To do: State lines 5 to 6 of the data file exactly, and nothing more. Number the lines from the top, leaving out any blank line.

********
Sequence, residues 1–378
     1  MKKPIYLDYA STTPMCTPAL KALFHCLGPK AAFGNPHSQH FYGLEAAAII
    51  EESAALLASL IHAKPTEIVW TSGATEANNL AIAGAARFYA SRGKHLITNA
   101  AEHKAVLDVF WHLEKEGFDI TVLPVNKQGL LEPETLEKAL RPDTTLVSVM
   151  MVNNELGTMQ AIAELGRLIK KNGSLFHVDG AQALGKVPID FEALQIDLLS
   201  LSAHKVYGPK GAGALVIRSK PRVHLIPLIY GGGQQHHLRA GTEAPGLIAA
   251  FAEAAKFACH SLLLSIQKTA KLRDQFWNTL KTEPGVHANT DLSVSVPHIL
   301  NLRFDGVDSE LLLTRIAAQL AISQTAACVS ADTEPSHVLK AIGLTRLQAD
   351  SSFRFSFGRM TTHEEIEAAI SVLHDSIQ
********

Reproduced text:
   151  MVNNELGTMQ AIAELGRLIK KNGSLFHVDG AQALGKVPID FEALQIDLLS
   201  LSAHKVYGPK GAGALVIRSK PRVHLIPLIY GGGQQHHLRA GTEAPGLIAA